(Original post by weird_n_wonderful)
    thanks for the help it was very useful!
    sorry it was just snippets, in brief, Jim caused Carol the damage by losing control of his vehicle. So essentially, if Ted has broken the chain of causation Jim will not be liable?
    Well, you have to weigh up the facts, he could still be liable for legal causation Jim could still be the 'Substantial and opperating cause of the crime' no matter what Ted has done ...

    but then again, as the chain of causation broke, you should quote the 'intervening act'' ; for jim to be found not guilty, the chain has to be broken by an UNFORSEEABLE act. ; is it unforseeable that someone would try to help carol & worsten her injuries ?

    quote the case R v Jordan ; in this case the victim of a stabbing was given large doses of medication in such a way that it flooded his lungs and killed him - the defence argued succesfully that the medical treatment was so awful that their client should not be found guilty of the victims death ..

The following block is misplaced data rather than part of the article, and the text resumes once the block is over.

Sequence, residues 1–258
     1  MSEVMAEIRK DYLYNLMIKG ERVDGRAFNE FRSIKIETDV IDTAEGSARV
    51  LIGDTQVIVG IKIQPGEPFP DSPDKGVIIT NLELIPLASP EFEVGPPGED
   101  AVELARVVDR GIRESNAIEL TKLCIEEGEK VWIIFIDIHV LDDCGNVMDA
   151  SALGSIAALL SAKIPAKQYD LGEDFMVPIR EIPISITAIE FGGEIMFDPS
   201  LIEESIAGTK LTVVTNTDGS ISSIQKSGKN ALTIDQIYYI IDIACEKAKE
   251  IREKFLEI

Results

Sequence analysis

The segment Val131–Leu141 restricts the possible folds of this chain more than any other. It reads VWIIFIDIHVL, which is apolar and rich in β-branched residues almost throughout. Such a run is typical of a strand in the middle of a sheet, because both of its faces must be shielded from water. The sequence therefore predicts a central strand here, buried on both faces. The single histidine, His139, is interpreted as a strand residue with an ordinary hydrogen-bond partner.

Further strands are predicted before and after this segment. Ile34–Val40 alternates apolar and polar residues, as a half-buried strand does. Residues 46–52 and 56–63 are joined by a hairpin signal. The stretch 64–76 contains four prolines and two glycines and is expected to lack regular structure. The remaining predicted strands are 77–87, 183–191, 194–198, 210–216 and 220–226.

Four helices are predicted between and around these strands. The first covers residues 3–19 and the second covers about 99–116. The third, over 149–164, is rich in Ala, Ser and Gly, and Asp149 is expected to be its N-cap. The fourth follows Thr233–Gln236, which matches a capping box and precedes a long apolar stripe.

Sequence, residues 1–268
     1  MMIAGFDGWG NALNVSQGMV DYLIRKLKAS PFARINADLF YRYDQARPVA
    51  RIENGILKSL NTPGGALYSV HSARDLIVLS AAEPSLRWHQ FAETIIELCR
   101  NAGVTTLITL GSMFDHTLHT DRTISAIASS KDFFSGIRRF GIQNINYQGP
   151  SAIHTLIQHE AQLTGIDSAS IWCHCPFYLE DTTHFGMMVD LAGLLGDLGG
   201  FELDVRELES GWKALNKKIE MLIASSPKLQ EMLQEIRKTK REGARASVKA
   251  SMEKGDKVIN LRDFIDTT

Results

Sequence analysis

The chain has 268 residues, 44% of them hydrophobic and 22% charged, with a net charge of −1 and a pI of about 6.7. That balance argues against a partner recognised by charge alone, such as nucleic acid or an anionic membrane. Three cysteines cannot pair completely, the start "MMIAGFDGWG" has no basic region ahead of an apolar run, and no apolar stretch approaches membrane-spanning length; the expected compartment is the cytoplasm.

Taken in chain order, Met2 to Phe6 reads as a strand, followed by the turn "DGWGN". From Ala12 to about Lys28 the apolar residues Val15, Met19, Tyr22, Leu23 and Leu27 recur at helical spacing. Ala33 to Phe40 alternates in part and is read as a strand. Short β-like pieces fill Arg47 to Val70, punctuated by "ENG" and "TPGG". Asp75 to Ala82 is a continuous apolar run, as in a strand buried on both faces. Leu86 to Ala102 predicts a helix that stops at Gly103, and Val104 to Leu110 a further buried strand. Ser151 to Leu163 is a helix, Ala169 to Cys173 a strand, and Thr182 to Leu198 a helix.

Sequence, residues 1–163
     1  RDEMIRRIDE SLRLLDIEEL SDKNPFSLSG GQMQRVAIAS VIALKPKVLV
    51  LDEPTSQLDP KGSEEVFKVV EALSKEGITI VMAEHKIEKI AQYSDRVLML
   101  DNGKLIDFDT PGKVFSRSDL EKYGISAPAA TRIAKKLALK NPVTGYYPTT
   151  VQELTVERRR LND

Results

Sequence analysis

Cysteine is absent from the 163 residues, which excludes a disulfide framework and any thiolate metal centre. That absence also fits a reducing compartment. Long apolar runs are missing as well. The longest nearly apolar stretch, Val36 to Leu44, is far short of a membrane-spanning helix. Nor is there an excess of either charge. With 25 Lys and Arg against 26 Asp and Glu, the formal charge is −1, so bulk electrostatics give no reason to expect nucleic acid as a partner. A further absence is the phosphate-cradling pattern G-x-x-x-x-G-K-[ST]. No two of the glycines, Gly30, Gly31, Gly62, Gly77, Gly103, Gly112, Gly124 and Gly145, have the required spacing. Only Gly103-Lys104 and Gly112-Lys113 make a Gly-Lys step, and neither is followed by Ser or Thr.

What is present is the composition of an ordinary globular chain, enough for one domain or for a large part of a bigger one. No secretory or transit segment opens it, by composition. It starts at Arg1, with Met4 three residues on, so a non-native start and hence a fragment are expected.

i felt like i was waffeling on there .. hope i helped
    Offline

    1
    ReputationRep:
    (Original post by jjarvis)
    This is sort of a difficult area of law. Medical care given for injuries, even if the medical care is incorrectly administered, does not break the chain of causation. In Robinson v Post Office, the defendant was liable for injuries that resulted from improperly administered medical care necessitated by its negligence. This suggests that Jim would be liable for Carol's injuries, including the injuries that result from poor medical care. If the medical care is entirely unreasonable (e.g., amputating the wrong limb), then that breaks the chain of causation--but it doesn't sound like Ted's cack-handed act will break the chain of causation. In any case, you need to separate the injuries that result from the accident itself, and the injuries that result from Ted's inept medical treatment.